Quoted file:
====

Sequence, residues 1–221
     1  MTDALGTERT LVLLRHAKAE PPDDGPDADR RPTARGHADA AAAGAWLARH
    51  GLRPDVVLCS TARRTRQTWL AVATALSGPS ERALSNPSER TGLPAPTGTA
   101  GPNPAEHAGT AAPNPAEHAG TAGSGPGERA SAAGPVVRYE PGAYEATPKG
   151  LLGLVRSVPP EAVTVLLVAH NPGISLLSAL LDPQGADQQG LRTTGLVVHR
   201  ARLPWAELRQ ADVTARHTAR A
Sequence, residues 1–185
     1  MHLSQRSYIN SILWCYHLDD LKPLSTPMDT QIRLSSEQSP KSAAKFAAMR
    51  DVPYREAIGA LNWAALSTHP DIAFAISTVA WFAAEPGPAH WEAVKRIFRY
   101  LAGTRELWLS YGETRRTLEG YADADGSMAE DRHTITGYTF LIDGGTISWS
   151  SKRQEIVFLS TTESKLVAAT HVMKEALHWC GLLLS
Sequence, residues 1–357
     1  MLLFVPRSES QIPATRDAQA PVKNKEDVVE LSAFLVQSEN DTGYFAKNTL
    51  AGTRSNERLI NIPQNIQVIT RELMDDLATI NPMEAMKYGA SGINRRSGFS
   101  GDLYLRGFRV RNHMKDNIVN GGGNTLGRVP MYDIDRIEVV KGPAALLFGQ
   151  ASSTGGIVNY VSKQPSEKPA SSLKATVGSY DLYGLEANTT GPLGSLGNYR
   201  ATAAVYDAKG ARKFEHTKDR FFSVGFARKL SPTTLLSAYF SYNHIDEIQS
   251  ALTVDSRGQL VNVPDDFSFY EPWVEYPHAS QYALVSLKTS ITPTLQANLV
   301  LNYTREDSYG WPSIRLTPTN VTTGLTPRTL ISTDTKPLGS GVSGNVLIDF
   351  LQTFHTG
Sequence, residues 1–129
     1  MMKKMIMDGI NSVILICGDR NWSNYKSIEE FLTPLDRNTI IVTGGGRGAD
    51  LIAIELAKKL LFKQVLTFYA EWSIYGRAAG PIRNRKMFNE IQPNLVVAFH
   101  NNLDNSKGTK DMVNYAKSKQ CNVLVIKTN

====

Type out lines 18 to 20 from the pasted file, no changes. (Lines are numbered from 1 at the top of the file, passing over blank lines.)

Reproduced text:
   251  ALTVDSRGQL VNVPDDFSFY EPWVEYPHAS QYALVSLKTS ITPTLQANLV
   301  LNYTREDSYG WPSIRLTPTN VTTGLTPRTL ISTDTKPLGS GVSGNVLIDF
   351  LQTFHTG